What is Thanksgiving like around the world? What foods?

Thanksgiving is celebrated differently around the world.  There are traditions and special foods in Puerto Rico, Canada, Liberia, South Korea, and Germany.

Thanksgiving is celebrated differently around the world. There are traditions and special foods in Puerto Rico, Canada, Liberia, South Korea, and Germany.

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Thanksgiving is here! Families across the US are gearing up for the traditional American Thanksgiving feast of turkey, mashed potatoes, and pumpkin pie. But this is just one way to celebrate Thanksgiving.

Whether you’re looking for last-minute menu inspiration or curious about other cultural traditions, here’s a look at Thanksgiving celebrations—and their foods—from around the world.

Thanksgiving in Puerto Rico

After Puerto Rico became a US territory in 1898, many Puerto Ricans embraced American festivities, adding their own flavors and traditions, The Foreign Fork reported. Falling on the same day as the rest of the US, Thanksgiving on the island marks the beginning of the holiday season.

A Puerto Rican Thanksgiving feast typically includes pavochon turkey, a turkey marinated in a mixture of garlic, orange juice, cumin, oregano and thyme, Foreign Fork reported. Another staple is mofongo, green plantains fried and mashed, then mixed with garlic and pork rinds, served in a ball or disk with stew, A Soothing Food explained.

Thanksgiving in Canada

Canadian Thanksgiving shares many similarities with American Thanksgiving with its family-friendly meal and annual football classic, History.com reported. Canada’s holiday takes place on the second Monday in October and dates back to 1578, more than 40 years before the first Thanksgiving in the US. However, the indigenous people of Canada celebrated the harvest long before this first. Official Thanksgiving Day.

Canadian Thanksgiving parties typically include cakes or donuts for dessert, according to Martha Stewart. Pumpkin pies tend to be spicier in Canada, with ginger, nutmeg, cinnamon, and cloves. Sweet potatoes, another staple dish, are typically baked or whipped with buttermilk and dijon mustard, not sweetened with marshmallows.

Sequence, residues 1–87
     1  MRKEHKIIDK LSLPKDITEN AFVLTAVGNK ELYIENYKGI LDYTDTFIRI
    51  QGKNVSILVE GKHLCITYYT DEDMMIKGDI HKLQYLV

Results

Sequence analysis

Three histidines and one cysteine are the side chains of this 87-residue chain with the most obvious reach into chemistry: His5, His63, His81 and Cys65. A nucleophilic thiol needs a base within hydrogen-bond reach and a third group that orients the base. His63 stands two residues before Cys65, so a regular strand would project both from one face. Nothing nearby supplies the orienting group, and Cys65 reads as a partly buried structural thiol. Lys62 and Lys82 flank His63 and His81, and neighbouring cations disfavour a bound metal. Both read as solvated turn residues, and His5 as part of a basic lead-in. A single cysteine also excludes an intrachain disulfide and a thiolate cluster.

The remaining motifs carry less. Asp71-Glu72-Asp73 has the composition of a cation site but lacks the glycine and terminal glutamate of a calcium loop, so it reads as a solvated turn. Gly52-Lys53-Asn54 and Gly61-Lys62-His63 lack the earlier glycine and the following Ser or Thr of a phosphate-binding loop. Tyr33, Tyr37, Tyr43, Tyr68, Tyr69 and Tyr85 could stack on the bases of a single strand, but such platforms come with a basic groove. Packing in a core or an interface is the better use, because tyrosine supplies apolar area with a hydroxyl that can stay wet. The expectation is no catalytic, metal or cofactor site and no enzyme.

Thanksgiving in Liberia

The West African country of Liberia was created as an American colony for formerly enslaved people of color, The New York Times reported. The country declared its independence from the US in 1847, but some American cultural traditions persist, such as Thanksgiving. Liberia is the only country in Africa with an official Thanksgiving celebration, Travel Noire reported.

Liberia’s Thanksgiving is celebrated on the first Thursday of November, according to History.com. For many Liberians, Thanksgiving is a “tricky” holiday, The New York Times reported. For some, the holiday is a religious celebration and a day of gratitude, NPR reported. For others, the holiday is a legacy of a colonial era.

For those who celebrate with a big meal, Liberia’s Thanksgiving holidays have a strong West African cultural influence, The New York Times reported. Liberian jollof rice with multiple meats, including shrimp, chicken and pork, is a staple, NPR reported. Manioc puree, a root also known as cassava, is another common dish, according to Travel Noire.

Thanksgiving in South Korea: Chuseok

Korean Thanksgiving, or Chuseok (pronounced “choo-suhk”), is one of the biggest holidays in South Korea, according to a website for the holiday. The Mid-Autumn Harvest Festival in late September is all about family, friends, and food.

So many Koreans return to their family homes that Chuseok causes some of the worst traffic jams of the year in the capital Seoul, the Asia Society reported. Families come together to remember their ancestors through rituals and parties.

Korean Thanksgiving holidays should include songpyeon, a traditional Korean rice cake that can be filled with sesame seeds, red kidney beans, chestnuts or brown sugar, the holiday website says. Japchae, a stir-fried noodle dish with vegetables, and jeon, a traditional savory Korean pancake made of eggs, flour, and scallions, are also common dishes.

Thanksgiving in Germany: Erntedankfest

Germany’s Erntedankfest, which means “harvest festival of thanks,” has no official date but usually takes place on the first Sunday in October, History.com reported. The religious holiday is celebrated mainly among rural communities and church-going communities, The German Way reported.

German Thanksgiving centers around a religious service with a special parade and a country fair atmosphere, The German Way reported. Traditional foods vary based on the recent harvest from the local community, German Foods said.

Profile picture of Aspen Pflughoeft

Aspen Pflughoeft covers real-time news for McClatchy. She is a graduate of Minerva University where she studied communications, history, and international politics. Previously, she reported for the Deseret News.

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